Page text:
Innovation in Language Learning

Edition 16

Accepted Abstracts

Enhancing the Use of the Spanish Language in a Service-Learning Environment

Sydney Belcastro, Wheeling Jesuit University / Dixie State University (United States)

Briana Moorman, Wheeling Jesuit University / Dixie State University (United States)

Allen Marangoni, Wheeling Jesuit University / Dixie State University (United States)

Luis Arévalo, Wheeling Jesuit University / Dixie State University (United States)


Purpose: The primary purpose of this study was to assess the effectiveness of teaching Spanish to Physical Therapy students while on service learning trips in Peru and Mexico. The study focused its attention on practical uses of Spanish while delivering of Physical Therapy services. A secondary purpose of this study was to enhance students’ cultural competency during service learning. By implementing the Spanish program, we hoped to improve the exchange of information between student and patient, ideally leading to overall improved cultural competency of the students. Researchers hypothesized that students will subjectively have a significantly (p<.05) better command of the language during therapy sessions at the end of their trip when compared with their performance at the beginning of the week. 
Methods: Doctor of Physical Therapy students and medical personnel who participated in service learning trips to Spanish speaking countries were asked to engage in an intensive practical application language program throughout the trip. They participated in 20-minute language modules at the beginning of each day and each evening. In order to assist students in remembering the vocabulary and phrases, a number of reminders were provided to participants. Participants were asked to rate themselves on their ability to speak the language and interpreters tested the participants by quizzing them on common words and phrases both at the beginning and end of the trip. The scores were compared.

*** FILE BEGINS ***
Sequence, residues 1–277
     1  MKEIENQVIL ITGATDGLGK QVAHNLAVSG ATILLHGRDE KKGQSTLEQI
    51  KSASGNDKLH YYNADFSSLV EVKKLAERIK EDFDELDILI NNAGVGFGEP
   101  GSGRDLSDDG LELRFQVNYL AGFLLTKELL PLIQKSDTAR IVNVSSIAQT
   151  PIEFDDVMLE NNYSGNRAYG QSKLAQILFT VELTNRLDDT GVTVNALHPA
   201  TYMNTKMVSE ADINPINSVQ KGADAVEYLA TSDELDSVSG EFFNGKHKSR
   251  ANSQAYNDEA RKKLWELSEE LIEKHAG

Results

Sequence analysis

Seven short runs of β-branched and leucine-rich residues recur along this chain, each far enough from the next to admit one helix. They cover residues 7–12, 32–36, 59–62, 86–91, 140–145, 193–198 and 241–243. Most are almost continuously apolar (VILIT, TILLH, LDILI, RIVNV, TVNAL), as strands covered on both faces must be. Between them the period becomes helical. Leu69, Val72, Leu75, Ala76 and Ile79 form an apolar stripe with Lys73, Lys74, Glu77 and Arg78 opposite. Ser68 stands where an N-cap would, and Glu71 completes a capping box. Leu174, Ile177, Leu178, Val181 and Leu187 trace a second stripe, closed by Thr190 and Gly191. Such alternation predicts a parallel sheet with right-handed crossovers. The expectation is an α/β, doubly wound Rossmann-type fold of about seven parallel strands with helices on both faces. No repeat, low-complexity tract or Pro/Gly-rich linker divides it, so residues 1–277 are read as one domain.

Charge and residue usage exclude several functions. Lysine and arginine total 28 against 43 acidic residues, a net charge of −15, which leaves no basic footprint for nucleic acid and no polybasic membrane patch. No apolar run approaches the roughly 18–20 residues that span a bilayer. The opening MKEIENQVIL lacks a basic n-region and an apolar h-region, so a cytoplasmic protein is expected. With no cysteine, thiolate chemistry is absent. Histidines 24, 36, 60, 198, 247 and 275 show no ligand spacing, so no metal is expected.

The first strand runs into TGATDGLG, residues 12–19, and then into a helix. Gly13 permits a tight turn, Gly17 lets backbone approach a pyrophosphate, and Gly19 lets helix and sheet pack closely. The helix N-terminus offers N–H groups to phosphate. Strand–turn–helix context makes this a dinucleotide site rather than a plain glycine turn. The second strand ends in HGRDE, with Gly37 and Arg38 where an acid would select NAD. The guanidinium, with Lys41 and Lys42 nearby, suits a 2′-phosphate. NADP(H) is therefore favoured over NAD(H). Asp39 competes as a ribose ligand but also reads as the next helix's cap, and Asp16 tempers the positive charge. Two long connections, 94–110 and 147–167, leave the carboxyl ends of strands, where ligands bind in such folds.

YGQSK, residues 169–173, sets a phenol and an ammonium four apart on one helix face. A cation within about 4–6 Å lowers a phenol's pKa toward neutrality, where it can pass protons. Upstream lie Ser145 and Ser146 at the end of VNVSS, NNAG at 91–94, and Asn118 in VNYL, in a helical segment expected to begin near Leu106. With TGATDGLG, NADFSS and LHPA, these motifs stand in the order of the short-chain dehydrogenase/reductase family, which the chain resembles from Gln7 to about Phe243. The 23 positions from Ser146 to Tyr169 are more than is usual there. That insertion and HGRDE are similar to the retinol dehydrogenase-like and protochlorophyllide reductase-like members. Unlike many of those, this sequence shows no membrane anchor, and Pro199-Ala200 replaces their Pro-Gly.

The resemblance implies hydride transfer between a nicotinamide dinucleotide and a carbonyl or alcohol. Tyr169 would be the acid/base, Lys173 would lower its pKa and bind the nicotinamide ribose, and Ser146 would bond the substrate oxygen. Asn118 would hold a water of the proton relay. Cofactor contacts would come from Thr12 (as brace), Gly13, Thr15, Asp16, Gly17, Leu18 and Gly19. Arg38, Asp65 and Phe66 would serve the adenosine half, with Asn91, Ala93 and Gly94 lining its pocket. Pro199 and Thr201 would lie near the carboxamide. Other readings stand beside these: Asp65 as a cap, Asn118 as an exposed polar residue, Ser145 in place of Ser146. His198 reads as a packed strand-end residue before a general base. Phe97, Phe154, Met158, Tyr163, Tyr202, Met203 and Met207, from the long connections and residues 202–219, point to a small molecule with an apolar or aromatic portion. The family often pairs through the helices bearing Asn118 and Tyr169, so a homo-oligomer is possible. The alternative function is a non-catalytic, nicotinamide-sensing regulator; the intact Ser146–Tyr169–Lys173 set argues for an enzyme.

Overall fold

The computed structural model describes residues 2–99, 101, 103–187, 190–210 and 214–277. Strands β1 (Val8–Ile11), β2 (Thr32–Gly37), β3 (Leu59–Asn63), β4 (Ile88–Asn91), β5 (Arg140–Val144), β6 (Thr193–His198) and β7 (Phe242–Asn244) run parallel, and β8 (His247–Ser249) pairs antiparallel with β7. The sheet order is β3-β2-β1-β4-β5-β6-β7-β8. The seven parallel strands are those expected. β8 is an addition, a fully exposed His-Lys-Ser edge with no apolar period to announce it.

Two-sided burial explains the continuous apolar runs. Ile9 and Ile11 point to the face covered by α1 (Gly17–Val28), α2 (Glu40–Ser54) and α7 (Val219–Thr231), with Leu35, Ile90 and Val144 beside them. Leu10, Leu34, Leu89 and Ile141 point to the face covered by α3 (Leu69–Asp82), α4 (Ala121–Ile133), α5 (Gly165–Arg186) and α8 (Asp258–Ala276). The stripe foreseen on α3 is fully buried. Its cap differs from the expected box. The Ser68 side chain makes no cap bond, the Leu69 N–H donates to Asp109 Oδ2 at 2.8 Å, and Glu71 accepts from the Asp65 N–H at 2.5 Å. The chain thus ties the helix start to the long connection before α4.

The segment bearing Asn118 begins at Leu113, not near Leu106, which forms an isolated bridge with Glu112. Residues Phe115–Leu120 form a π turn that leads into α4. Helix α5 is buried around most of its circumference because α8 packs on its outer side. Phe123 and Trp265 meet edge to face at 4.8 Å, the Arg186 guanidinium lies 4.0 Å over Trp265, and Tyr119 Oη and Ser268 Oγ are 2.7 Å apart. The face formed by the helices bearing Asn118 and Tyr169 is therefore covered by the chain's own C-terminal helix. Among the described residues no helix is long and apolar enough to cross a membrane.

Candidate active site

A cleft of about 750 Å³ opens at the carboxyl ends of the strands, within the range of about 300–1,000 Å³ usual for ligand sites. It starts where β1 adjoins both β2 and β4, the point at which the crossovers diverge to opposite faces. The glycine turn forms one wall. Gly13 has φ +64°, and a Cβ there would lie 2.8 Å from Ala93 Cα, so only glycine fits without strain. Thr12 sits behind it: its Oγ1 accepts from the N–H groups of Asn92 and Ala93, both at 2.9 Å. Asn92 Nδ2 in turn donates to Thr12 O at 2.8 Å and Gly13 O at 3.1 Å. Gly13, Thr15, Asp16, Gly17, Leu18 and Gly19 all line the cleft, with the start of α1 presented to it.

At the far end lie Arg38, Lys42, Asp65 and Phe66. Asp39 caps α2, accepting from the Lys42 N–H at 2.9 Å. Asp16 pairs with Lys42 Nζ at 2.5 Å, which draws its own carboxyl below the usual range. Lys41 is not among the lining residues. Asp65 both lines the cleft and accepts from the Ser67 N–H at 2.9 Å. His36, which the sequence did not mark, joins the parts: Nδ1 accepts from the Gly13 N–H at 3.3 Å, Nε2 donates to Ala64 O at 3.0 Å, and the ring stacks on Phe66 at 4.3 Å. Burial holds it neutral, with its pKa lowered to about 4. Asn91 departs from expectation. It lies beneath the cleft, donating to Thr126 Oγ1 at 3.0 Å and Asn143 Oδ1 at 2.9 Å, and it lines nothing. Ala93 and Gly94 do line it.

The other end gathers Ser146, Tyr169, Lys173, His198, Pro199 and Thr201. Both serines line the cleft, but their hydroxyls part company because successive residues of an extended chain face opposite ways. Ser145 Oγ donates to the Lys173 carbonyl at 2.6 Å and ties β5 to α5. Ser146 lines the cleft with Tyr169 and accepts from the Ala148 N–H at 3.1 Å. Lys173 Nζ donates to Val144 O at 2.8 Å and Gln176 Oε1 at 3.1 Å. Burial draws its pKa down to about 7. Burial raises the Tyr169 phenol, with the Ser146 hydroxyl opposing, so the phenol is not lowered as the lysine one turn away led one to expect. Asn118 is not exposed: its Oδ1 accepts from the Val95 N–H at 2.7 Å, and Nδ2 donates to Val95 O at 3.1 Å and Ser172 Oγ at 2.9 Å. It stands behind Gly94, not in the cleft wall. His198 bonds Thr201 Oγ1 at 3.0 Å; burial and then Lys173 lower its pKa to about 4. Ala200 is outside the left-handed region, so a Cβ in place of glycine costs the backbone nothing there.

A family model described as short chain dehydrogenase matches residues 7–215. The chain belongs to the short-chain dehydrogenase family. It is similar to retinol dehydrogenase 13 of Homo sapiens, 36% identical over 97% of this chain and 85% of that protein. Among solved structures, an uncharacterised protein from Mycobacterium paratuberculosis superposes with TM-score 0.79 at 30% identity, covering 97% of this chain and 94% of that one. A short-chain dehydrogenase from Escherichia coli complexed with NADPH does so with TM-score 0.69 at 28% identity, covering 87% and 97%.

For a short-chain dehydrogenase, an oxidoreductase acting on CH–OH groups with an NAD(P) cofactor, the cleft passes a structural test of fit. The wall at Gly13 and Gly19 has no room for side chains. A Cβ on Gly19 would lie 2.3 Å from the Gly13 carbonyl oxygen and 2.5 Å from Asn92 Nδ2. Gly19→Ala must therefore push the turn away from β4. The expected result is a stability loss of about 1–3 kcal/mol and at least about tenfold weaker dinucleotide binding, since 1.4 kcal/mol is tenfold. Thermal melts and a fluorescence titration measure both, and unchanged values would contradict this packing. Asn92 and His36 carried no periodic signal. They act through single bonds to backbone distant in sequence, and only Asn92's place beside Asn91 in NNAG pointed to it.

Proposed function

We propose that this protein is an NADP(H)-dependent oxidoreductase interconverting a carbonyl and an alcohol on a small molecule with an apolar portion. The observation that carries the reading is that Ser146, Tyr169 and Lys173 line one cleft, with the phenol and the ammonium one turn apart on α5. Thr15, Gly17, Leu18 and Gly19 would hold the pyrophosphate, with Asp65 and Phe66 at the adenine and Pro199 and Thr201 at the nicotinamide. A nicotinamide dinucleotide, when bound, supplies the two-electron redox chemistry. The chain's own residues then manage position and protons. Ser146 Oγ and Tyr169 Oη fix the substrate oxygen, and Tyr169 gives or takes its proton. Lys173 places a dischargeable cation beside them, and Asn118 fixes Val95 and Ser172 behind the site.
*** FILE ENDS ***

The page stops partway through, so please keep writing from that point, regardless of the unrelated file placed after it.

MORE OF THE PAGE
Results: Fifty-five DPT students and medical personnel met the inclusion criteria with an average age of 31-years-old. The average intake rating on the participants ability to speak Spanish was 1.73 out of 10; and at the end of the program, the average outtake rating was 4.25 out of 10. This demonstrated a significance between the pre and post-test scores (p≤ 0.01) on the participants ability to speak the Spanish language. After completing the objective analysis of the participants ability to speak the language by the interpreters, the mean difference was 14.67 (p≤ 0.01). Researchers also found no difference between different interpreters’ ability to teach by comparing the different groups’ pre and post-test scores. Participants reported a common appreciation regarding the repetitions of the newly acquired words and sentences, the practicality of the information taught, and group interactions throughout the language program.
Conclusion: Learning modules were found to be an efficient and effective tool of acquiring the Spanish language of the host country in the setting of Physical Therapy.  By the end of the week, students increased their proficiency in the Spanish language and required less assistance from the interpreters. This indicated that the program significantly improved results objectively as well as subjectively.

Keywords: Language acquisition, service learning, proficiency, full immersion.

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